In addition, often we hear intentional statements being made, like “you’re good at this sport for a girl” or in other cases “you’re smart for someone who’s pretty”. These are called microaggressions. These little comments are the intentional, negative use of stereotypes. If you catch yourself using a microaggression or catch someone else, take some time to figure out why it can be wrong and how to look at the situation differently in order to not use microaggressions. Scaled up from microaggressions come prejudicial bullying. Some examples of this were crime against East Asians after the spread of COVID-19, or the hate crimes stemming from the rampant Islamophobia after 9/11. These prejudicial stereotypes are rooted in society, are harder to unlearn and are more subtle, which can make them harder to realize they are wrong. They can come from personal upbringing, school social environments, or even the widespread media. And as mentioned before, these can lead to verbal, physical, and even cyber bullying.
People, especially kids, who grow up being bullied based on these stereotypes can struggle with their self-image and self-worth, and they create an overall negative environment to grow up in. At school, when a child is targeted by bullies who based their targets on religion or race because of stereotypes, a person can feel like a piece of their identity is worthless. This is because they are being shown by their surroundings that they are being perceived as an outcast. Mentally, especially in teens who are working to solidify their identity, this can cause social anxiety in the sense that they experience a loss of self-confidence and may end up feeling the need to unnecessarily change themselves for other people or to fit in. This can harm teens’ “self-image,” or the way that they view themselves. Especially nowadays, where more and more teens are feeling insecure about themselves, bullying from others could really damage someone. Within the past couple of years, suicide rates in teens have been rising, so it is important that teens feel comfortable in their own bodies to be who they really are. One example of this outside bullying influence is body shaming people. Social media creates a harmful stereotype saying that people need to have a “perfect body” to be pretty and things like that. This can lead to teens feeling the need to change themselves for others or to “fit in” to the stereotype, which could result in serious conditions such as eating disorders. When someone receives a negative comment based on stereotypes through social media about their physical or mental state, it is harder to deal with. This is because social media provides an outlet that can hide the instigator. Not being able to know who the other person is can leave the victim feeling helpless because they can’t stand up for themselves without taking extreme measures.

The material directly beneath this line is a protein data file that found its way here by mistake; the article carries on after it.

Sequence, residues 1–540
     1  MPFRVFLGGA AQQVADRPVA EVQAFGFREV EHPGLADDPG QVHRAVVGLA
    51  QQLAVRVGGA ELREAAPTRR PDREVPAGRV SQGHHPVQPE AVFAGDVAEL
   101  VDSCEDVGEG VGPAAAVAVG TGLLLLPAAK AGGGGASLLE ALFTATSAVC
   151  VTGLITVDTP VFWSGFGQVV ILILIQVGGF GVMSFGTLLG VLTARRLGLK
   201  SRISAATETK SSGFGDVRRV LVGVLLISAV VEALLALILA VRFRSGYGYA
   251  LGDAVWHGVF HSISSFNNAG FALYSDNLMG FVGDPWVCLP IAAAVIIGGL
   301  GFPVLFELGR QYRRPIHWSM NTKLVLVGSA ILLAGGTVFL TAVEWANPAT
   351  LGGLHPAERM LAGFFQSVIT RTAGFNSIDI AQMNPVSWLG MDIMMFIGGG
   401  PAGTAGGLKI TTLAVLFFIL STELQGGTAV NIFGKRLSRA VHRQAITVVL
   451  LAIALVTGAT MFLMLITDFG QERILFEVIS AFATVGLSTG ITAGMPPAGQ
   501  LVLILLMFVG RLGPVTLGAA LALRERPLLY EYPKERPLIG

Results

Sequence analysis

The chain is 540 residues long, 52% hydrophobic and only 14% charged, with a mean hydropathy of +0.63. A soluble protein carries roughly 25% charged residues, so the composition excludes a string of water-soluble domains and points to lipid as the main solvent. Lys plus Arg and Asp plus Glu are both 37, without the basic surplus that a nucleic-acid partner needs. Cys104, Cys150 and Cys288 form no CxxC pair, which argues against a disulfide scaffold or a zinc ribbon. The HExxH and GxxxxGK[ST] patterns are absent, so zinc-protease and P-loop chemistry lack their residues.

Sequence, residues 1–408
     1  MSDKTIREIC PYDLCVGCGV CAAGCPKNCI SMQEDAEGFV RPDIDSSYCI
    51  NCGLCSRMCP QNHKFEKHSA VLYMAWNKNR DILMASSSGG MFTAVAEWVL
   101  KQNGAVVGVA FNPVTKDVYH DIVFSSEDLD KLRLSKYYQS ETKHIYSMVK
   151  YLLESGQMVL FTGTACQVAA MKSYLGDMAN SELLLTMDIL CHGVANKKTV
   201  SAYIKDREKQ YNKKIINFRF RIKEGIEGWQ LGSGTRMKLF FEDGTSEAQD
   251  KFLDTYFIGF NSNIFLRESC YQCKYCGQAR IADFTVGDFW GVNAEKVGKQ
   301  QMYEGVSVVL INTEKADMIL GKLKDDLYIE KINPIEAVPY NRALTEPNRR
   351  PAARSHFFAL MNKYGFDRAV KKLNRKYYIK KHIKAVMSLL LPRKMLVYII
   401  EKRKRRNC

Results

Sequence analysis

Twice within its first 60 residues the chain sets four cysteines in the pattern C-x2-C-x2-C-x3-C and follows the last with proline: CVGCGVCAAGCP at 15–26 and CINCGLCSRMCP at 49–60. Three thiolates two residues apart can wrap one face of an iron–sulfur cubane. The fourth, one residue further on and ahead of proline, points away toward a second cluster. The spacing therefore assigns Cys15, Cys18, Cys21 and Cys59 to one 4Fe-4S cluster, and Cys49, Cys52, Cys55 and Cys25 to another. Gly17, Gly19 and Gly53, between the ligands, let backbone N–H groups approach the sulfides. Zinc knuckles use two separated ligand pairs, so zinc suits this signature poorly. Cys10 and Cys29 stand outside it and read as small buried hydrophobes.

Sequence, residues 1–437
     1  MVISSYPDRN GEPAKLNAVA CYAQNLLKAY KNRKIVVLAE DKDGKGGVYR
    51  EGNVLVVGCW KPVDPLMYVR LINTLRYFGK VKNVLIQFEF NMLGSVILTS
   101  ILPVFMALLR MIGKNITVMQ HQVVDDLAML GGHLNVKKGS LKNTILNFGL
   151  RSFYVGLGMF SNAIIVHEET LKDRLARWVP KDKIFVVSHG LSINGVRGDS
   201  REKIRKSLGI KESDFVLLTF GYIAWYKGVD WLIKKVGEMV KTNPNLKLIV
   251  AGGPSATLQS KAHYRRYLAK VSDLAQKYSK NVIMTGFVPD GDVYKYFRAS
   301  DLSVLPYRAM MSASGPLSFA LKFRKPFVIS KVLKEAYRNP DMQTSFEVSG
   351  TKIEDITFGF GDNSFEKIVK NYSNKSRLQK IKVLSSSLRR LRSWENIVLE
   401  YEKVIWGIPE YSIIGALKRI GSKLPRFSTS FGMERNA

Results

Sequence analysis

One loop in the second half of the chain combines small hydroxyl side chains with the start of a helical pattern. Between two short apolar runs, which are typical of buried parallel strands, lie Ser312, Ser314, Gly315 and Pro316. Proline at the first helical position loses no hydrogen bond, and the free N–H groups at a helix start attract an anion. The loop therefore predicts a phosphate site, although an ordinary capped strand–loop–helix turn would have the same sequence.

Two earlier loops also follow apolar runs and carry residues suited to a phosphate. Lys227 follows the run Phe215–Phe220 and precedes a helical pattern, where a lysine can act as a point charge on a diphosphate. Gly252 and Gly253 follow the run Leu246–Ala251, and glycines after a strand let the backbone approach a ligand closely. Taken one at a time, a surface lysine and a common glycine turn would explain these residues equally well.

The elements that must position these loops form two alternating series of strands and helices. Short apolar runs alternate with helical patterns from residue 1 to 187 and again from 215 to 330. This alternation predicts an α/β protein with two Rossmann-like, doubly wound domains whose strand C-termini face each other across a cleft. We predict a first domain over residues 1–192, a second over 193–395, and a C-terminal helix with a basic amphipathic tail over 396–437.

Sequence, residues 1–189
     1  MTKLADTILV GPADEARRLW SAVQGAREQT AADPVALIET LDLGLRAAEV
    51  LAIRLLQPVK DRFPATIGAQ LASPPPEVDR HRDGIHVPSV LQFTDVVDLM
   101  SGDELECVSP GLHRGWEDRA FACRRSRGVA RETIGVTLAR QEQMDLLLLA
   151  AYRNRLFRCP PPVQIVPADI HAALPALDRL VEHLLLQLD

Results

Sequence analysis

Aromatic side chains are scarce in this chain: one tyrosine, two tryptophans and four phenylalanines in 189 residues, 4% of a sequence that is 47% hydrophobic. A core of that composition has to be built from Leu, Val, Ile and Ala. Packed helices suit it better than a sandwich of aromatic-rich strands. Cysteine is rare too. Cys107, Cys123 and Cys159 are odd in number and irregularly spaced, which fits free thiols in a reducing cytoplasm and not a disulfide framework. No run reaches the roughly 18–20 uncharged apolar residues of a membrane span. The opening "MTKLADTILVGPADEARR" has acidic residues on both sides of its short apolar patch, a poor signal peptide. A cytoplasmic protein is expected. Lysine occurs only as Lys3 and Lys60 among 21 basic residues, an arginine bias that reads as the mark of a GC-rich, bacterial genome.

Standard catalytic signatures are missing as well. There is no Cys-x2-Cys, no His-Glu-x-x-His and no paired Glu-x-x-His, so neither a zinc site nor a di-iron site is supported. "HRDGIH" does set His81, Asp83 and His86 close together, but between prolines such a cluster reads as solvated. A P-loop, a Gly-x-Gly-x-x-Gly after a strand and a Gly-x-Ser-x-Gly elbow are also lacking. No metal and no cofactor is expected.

Let’s take a look at some other stereotypes that target teens in general. There is a wide-held bias against teens that a lot of adults believe. Usually, adults place teens into a category that says that teens are inherently “up-to-no-good”. And even when an adult has known a teen for a long time and knows they are a good person, the adult trusts the stereotype more than they trust the teen themselves. On top of that, many adults have an expectation that a teen should have their future planned out and should be doing everything they can in school to get good grades, sports, extracurriculars, and the list goes on. This double standard can cause anxiety and cause the individual to feel a lot of pressure. This can lead teens to feel like they aren’t good enough for their parents or other adults, or that they will never meet their expectations. And eventually, even if teens feel comfortable enough to share their feelings, many adults tell them they are being “sensitive”, also perpetuating stereotypes about mental health. And this leads to a never-ending cycle of teens feeling like they aren’t good enough for their parents, and bottling up their feelings. This lack of trust doesn’t let communication happen, which is essential in building a healthy relationship without stereotypes.